Nothing gives the whiff of modern science that air of prestige like saying it has GPS tracking. Science nerds just go crazy for that, (it’s like labeling anything retail with the words “bluetooth enabled”). People will be more likely to buy it whether it’s useful or not. Far be it from me to make fun of the vividly named Dr. Van Loon or question usefulness of putting a chip inside beaver heads to “STEER THEM AWAY” from burrowing into a wall, but tell me this. If they don’t burrow into your dykes, where are these creatures going to sleep instead?

Maybe creating a floating safe zones that would appeal to these animals would be more useful than this GPS thing? You know, some where to hole up and escape too or for a family to raise its young. Oh and use a couple of those graduate students to find out why no one can tell these species apart will you? Just sayin’.

Left: (Nutria) Castor Impostor ——- Right: Beaver (Castor Canadensis!)

I just got word from Carol Evans of a wonderful presentation she will be doing with rancher Jon Greggs to talk about their awesome work with restoring sage lands with beaver January 30th, 2018. The conference is mostly about ranching, but their part will be in the morning starting at nine. I have such respect for this work. Carol goes right into the lion’s den to deliver her message. You can sign up here.

This is an FYI as some of you have expressed an interest in hearing about the material Jon Griggs and I will be sharing at the National Society for Range Management meeting in Sparks, NV.  I’ll be talking a lot about the effects of managed grazing and beaver colonization on valley re-hydration in the Susie and Maggie Basins.  Jon will also be sharing his perspectives on all of this.  

Restoring and Managing the “Emerald Islands” of the Sagebrush Sea: New Science, Sticks and Stones, and the Eager Beaver

SRM+2018+emerald+island+symposium_Final_1-12-18

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Well, even though Wisconsin eliminated ALL air quality regulations Friday, there are things to enjoy about the return of beaver in the state. Starting with this article.

Something to chew on: Beavers regain toehold as popularity of the Milwaukee River grows

The American beaver is discovering that the lower Milwaukee River is once again becoming desirable real estate.

There are increasing signs of the beaver’s presence: Gnawed trees for miles up and down the shoreline; a ramshackle dam that sticks out of the ice in Lincoln Park; and the most tale-tell sign of all — a beaver lodge near W. Hampton Ave.

The inroads by the largest rodent in North America have been unmistakable, says Cheryl Nenn of Milwaukee Riverkeeper, who has worked for the advocacy organization for 15 years.

“They’re definitely becoming more prevalent,” Nenn said.

Beavers were a fixture in the lower Milwaukee in presettlement times. They are still common in the far upper reaches. But they are making a return to the river on the city’s east side.

“The corridor has become a better place,” Nenn said. “There is improving tree diversity — that’s important — and the water is improving. It’s all of those factors.”

 

Isn’t that a wonderful temporary house they built Chip? So smart. I’m glad Milwaukee is being visited by more beavers. and that there are  new cleaner rivers for them to inhabit. They can help maintain those streams, you know. If folks stop being so trap-happy and let them do their job.

A nice look at the job they can do comes from this month’s permaculture magazine, which is available online now. You will recognize some of the names in it and I dare say ALL of the photos. (Because apparently everyone wants to borrow from us). The article starts with a short piece I wrote with Mike Callahan years ago, and then goes into a nicely detailed description of flow devices, beaver management, and why beavers matter. When author Timothy Sexauer contacted us in the summer, Cheryl agreed that this was exactly the kind of article where her photos belonged.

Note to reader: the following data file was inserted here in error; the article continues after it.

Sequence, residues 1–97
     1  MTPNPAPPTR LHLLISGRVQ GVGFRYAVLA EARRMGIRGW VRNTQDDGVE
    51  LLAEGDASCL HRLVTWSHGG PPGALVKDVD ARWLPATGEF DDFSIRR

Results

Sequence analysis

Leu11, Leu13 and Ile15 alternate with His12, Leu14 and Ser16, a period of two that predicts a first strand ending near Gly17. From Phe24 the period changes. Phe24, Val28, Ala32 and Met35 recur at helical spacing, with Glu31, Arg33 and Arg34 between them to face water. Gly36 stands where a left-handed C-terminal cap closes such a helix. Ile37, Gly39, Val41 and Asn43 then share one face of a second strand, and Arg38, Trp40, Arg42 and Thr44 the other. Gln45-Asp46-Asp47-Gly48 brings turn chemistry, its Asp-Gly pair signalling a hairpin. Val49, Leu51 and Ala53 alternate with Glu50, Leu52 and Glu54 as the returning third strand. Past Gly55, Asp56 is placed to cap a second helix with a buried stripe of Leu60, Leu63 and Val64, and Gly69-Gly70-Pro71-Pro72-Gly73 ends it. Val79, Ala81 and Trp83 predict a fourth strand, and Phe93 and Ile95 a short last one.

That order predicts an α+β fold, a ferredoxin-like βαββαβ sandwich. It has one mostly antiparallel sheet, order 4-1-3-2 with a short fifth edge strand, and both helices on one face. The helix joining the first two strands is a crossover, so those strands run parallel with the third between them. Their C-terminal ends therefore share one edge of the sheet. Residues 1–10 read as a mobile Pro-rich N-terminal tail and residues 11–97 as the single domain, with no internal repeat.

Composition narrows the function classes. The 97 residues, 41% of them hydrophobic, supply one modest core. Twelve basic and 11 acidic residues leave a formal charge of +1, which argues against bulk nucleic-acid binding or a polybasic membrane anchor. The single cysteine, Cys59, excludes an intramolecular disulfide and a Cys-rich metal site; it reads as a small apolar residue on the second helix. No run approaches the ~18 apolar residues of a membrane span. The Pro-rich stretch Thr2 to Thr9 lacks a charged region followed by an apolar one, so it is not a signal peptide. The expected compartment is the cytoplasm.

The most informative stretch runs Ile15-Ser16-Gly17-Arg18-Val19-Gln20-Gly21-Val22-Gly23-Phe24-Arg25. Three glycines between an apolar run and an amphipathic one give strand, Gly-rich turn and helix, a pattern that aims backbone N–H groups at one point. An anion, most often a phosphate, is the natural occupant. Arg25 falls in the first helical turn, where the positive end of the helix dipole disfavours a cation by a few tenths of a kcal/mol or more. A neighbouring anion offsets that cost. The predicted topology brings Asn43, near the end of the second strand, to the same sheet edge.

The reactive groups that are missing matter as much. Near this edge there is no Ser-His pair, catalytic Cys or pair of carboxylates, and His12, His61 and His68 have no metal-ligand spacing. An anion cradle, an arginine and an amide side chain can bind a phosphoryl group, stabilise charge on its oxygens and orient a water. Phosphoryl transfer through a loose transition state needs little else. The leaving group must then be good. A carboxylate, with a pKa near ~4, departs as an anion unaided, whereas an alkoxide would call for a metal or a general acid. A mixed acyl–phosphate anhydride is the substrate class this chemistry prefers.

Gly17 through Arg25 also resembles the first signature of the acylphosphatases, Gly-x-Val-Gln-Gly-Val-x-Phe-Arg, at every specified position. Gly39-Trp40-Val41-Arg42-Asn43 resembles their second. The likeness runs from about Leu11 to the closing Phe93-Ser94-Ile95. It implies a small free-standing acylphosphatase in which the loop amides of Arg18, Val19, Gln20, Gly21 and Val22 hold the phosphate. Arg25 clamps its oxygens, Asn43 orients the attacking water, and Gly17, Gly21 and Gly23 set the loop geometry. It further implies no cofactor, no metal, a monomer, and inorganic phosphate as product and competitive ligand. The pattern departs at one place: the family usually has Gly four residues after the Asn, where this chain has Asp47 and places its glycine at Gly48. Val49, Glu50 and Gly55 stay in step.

Go read the whole thing, it’s worth your time.

Beavers: The Ecological Restoration Agents

For many millions of years, in what we now call the Applegate watershed of southern Oregon, beaver have been the senior landscape engineers. At least 12,000 years ago, humans arrived and established permanent culture alongside the beaver. In the language of the Takelma, the Applegate is called “sbink,” meaning Beaver Place.

By the time the Takelma were violently displaced by the gold rush settlers, fur trappers had already nearly exterminated the beaver. As a result, rivers and creeks flowed faster and wetlands had become meadows, drastically changing the landscape and ecosystems.

That’s a pretty nice way to start an article.  It goes on to talk about how when the beaver population recovered they found that the land had been settled, culverted and  laid with concrete. Conflict often arise. But there are MANY ways to solve them. The author talks about working with Jakob Shockley to keep a basement from flooding. And the story ends by thanking Mike Callahan for his work and celebrating the launch of the Beaver Institute.

Jakob Shockey says the key is mitigating human-beaver conflicts so we can retain beaver where they choose to reside. When they are secure in their chosen spot they will naturally disperse their children further up tributaries where we most need to restore water retention. It is up to us to educate ourselves and others about the many benefits of beaver to the land and, importantly, the ways that we can non-lethally deal with these conflicts.

It is an honor to announce that Mike Callahan recently launched The Beaver InstituteTM as a means to catalyze public awareness at a continent-wide scale. The Institute’s mission is “to be a catalyst for advancing beaver management by providing technical and financial assistance to public and private landowners experiencing beaver conflicts, supporting scientific research, training mitigation professionals, and increasing public appreciation of the beaver’s critical role in creating wetland ecosystems.” The vision is to have “all beaver-human conflicts resolved in a science-based manner to maximize the many benefits that beavers contribute to the environment.”


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This was recently shared by beaver-friend Bob Armstrong (Mendenhall Glacier beavers) on his Nature Alaska website. Which is very nice because I needed my kit-fix this morning. Trust me, you do too.


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This morning’s Sunday times, which is the widest-read paper in the UK, invites us all to pity the poor, frightened farmer whose very livelihood is hanging in the balance as we consider those horrible beavers.